April 27, 2004 6:02 PM   Subscribe

Genesis. "Life" from inorganic mixture. Full PDF paper : Spontaneous Formation of Cellular Chemical System that Sustains Itself far from Thermodynamic Equilibrium.
posted by Gyan (9 comments total)
I think I''m impressed, but I'm not a chemist. Any chemists out there who can tell me if this is significant or not?
posted by carter at 8:16 PM on April 27, 2004

looks pretty cool (though i unfortunately don't know enough about the relevant inorganic chemistry to judge how novel this is.)

questions about the genesis of life rarely focus on the creation of membranes though, from what i recall... lipid bilayer membranes [sans genetic information] behave in much the same way: put the component proteins near each other, and they'll generally form some sort of a cellular structure, because that's the best way they can deal with the polarity difference between their ends. and such structures are semipermeable, can divide, etc. but they're still not life - generally people agree that things like some sort of genetic material, the ability to self-replicate, and susceptibility to the process of evolution are required.

these "cells" don't seem to show those sorts of behaviors, from what i read in the paper and the article. so it's cool that inorganic structures can behave in ways similar to lipid bilayers, but i certainly wouldn't judge them to be anywhere near "alive" yet...
posted by ubersturm at 8:29 PM on April 27, 2004

Awww, I want one!
posted by wobh at 8:34 PM on April 27, 2004

don't know. the first logical step in life is to create an inside and an outside, with different chemical properties - if inorganic molecules can spontaneously form an enclosed space with different chemical properties inside than in the external environment, this goes a long way towards the creation of life. it likely took a very, very long time before the inner environment became capable of driving the replication of the outer, or holding genetic instructions. all we can do is speculate, wait and see how this pans out. i say, score one for science.
posted by caution live frogs at 8:28 AM on April 28, 2004

Hi ubersturm,

Not to go too far out on a limb, but I think the importance of the article has to do with the fact that some of the basic constructs of life can be created using chemicals which have had no prior connection to 'life' as we know it.

I think the significance of this is for those people who ask the question, 'how could complex life have evolved out of a primordial soup of chemicals?' Well, this information shows that there is a natural tendency for the basic building blocks of life to form even across different chemicals.

This also lends weight to theories of non-carbon based life-forms in the universe.
posted by PigAlien at 8:29 AM on April 28, 2004

This also lends weight to theories of non-carbon based life-forms in the universe.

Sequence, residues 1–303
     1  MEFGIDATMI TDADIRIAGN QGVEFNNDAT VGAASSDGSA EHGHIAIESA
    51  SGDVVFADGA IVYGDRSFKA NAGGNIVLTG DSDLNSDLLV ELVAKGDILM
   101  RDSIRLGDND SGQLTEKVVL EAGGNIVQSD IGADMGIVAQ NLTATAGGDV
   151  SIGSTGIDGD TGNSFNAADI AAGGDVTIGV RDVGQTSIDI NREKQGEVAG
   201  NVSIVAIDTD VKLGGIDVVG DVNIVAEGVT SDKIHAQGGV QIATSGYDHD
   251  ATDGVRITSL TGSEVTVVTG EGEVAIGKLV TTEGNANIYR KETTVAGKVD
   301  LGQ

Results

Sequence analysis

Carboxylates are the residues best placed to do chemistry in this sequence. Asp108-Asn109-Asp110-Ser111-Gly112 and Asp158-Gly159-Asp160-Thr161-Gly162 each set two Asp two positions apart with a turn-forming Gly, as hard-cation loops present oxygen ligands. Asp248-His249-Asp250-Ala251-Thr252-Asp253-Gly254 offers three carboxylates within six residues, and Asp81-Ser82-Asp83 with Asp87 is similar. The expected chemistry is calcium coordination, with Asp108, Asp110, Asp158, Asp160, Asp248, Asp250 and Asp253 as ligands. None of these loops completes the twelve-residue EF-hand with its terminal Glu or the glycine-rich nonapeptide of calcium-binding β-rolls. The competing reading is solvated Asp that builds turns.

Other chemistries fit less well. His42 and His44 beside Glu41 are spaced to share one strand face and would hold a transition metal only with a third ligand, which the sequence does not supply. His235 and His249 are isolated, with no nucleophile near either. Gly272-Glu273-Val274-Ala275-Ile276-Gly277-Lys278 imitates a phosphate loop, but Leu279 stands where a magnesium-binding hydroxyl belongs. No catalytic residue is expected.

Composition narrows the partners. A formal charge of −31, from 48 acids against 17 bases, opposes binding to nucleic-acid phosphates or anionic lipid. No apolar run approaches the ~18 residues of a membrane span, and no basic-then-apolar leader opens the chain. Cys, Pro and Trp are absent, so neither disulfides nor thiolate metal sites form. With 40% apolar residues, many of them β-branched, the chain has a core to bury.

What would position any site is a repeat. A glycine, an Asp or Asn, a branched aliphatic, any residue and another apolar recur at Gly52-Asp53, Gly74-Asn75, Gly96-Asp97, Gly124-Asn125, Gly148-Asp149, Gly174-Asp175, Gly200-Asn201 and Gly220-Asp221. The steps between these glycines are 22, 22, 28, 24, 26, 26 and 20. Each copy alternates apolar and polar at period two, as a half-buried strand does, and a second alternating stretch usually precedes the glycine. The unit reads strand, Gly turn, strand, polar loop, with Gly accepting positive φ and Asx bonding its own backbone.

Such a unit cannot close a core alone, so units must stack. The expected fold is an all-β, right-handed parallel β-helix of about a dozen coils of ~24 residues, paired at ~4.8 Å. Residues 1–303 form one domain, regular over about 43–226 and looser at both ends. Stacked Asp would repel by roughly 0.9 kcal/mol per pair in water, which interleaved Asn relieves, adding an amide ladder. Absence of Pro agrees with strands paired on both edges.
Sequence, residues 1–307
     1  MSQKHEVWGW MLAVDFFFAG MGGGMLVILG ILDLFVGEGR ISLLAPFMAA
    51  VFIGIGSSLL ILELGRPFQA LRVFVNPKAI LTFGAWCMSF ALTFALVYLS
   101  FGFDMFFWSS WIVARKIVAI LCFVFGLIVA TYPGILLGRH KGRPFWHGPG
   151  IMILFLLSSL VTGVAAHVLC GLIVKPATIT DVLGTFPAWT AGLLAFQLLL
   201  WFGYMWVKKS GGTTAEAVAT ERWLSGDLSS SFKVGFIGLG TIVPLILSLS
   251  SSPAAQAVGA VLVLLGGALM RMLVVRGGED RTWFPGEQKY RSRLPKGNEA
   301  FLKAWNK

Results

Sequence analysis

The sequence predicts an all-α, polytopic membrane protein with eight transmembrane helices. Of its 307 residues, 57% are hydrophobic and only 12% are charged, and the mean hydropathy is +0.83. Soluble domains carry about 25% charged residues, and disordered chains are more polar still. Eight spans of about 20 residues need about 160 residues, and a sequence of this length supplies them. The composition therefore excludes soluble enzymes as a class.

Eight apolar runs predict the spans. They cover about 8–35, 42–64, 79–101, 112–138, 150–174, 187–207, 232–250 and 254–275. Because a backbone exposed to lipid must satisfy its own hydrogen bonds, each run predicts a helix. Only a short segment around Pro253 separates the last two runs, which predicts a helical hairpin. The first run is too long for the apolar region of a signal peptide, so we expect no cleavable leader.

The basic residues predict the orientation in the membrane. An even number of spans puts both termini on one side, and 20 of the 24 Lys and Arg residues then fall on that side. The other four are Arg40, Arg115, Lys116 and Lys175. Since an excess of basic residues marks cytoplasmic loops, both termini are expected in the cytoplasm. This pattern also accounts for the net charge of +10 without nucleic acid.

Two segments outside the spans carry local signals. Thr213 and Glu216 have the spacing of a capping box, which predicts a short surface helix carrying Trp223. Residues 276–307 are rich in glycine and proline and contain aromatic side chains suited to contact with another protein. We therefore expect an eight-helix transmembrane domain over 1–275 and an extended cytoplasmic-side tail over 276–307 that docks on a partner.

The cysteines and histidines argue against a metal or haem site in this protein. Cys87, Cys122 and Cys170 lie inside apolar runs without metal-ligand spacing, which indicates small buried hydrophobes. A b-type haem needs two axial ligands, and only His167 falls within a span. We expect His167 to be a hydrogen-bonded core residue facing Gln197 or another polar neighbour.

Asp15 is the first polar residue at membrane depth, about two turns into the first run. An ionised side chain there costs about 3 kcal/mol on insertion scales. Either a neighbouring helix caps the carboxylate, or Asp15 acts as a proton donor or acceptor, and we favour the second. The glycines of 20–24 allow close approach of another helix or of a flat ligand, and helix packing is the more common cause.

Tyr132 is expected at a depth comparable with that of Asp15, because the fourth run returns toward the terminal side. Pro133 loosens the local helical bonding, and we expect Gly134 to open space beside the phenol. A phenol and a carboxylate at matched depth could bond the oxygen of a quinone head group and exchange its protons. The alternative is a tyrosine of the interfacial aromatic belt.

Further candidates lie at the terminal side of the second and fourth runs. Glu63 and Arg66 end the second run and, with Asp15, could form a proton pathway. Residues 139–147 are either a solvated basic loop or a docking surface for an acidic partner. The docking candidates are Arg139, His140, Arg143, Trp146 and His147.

No, because they had to add starch.
posted by rxrfrx at 8:46 AM on April 28, 2004

true, pigallen. i suppose i was a bit distracted by the premature quote about the next step being evolution.

i think these things would properly be called "protobionts". i know that they've created organic protobionts [that is, "cells" that maintain an interior environment unlike the outside environment and display some lifelike properties, like metabolism or whatever] of various sorts - some discharge voltage rather as nerve cells do, some [called coacervates] function as chemical factories and have enzyme processes, etc. some protobionts can develop from the sort of organic compounds that result from the miller-urey experiment.

so the novelty [and promise] lie in the inorganic nature of these things. while they are not entirely bereft of carbon [the paper notes that the membrane composition is Ca(CO3)(OH)(H2O), with undetermined structure], they're certainly a long way from the huge hydrocarbon chains which are the basis for actual cell membranes. i remain skeptical of the evolutionary possibilities for these things, since i've not heard of any inorganic analogue for nucleic acids, but still - damn cool.
posted by ubersturm at 12:56 PM on April 28, 2004

they'll generally form some sort of a cellular structure, because that's the best way they can deal with the polarity difference between their ends.

It's also important to note that proteins form the way they do because of their sequence. IE, they don't "remember" how to fold, it is more so that a given combination of amino acids naturally fold in a certain way.
I dunno, though, this is nothing new that I haven't heard in my biology classes. Maybe I'm a skeptic, but I have an extremely difficult time believing any evolved lifeforms are not Carbon based. Evolution did not "choose" to use carbon as its building block- rather, Carbon happens to be the best molecule out there for building complex life forms, and that is what evolution is all about.
posted by jmd82 at 1:41 PM on April 28, 2004

Oh my God! Quasi-living ooze !
posted by troutfishing at 2:28 PM on April 28, 2004

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